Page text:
You can tell a camera made for indoor use by its size, chassis housing, and connection ports. Inside IP cameras will have a size that is smaller than most outside cameras because the internal structure does not have to be as strong or rugged. Its thought that indoor cameras won’t see physical abuse as an outdoor security camera may. Also the chassis will most likely be plastic, and not tough metal. This is also due to the expectation of little to no abuse, but more importantly its because it reduces cost, for the camera won’t need weather resistant components. Seam seals and lens seals are not as vital to an indoor IP camera. So designs can eliminate costly weather proofing features. Lastly, the biggest identification factor will be the ports on the device.
Indoor Wall Mounting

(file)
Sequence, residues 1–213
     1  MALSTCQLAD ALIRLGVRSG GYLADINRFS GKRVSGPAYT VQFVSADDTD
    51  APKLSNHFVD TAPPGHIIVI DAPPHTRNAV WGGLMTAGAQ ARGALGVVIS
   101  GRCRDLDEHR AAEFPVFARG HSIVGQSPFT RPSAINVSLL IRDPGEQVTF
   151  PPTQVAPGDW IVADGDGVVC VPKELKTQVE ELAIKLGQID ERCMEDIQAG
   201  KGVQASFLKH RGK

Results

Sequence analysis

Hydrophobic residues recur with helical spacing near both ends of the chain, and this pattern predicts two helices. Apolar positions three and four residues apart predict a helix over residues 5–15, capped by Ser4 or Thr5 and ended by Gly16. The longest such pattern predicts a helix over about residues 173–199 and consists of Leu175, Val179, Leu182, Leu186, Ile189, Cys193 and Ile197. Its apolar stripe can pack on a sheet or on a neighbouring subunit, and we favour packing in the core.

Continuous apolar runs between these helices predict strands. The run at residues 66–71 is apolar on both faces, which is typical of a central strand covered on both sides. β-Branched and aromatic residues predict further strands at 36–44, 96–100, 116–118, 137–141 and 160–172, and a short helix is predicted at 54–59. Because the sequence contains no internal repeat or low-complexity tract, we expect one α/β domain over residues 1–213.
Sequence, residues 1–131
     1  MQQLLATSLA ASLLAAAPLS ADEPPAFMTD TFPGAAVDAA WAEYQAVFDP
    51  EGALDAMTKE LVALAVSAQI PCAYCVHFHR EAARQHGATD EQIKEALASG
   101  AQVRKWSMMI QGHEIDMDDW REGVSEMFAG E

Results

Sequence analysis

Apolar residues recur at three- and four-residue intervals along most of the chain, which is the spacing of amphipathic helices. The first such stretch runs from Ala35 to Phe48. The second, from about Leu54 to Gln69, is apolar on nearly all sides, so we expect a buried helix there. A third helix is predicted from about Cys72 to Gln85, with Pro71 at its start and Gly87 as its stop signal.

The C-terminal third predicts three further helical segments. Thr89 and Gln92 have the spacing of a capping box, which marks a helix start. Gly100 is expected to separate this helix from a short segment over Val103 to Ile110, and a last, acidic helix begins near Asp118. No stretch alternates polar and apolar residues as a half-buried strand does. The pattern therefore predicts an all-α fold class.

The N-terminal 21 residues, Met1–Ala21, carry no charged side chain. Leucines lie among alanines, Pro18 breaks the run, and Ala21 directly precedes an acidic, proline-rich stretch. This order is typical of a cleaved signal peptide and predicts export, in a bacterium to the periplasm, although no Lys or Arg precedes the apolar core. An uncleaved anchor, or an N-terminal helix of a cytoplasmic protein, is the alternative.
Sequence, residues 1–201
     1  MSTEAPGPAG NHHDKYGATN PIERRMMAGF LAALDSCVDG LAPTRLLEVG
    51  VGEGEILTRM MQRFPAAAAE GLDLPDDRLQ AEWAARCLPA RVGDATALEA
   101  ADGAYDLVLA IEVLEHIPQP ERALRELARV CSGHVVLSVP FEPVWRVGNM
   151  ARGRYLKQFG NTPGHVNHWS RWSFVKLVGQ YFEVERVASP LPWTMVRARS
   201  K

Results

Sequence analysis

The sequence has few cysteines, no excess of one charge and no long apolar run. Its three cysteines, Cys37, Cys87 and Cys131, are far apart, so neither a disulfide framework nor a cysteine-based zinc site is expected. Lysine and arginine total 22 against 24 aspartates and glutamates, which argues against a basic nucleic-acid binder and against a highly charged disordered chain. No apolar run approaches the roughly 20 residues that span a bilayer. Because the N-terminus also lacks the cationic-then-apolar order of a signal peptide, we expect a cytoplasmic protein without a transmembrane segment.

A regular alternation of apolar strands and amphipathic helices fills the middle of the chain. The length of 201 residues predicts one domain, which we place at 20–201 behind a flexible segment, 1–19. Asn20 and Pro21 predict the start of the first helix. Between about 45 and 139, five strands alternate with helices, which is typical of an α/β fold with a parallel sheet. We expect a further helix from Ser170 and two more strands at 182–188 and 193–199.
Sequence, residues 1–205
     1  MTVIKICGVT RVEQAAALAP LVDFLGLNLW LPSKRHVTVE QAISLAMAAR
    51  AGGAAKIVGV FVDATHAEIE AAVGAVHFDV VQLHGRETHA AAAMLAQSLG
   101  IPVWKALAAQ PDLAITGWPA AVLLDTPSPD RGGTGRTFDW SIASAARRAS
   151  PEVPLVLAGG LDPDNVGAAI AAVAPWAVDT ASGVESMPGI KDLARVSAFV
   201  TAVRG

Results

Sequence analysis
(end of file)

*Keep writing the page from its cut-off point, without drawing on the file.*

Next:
Indoor Wall Structure
Many of us have some previous experience with drywall or sheet rock walls. I don’t mean installing panels in a new construction home, I mean you have probably put a nail or screw into the wall to hang a picture frame or some type of artwork within your home. I’m guessing you remember how easy it was to puncture the material. Drywall will not hold a significant amount of weight(1/4lbs. – 5lbs.) without ripping apart, so mounting a camera to the wall will also need care as to the style of fastener used.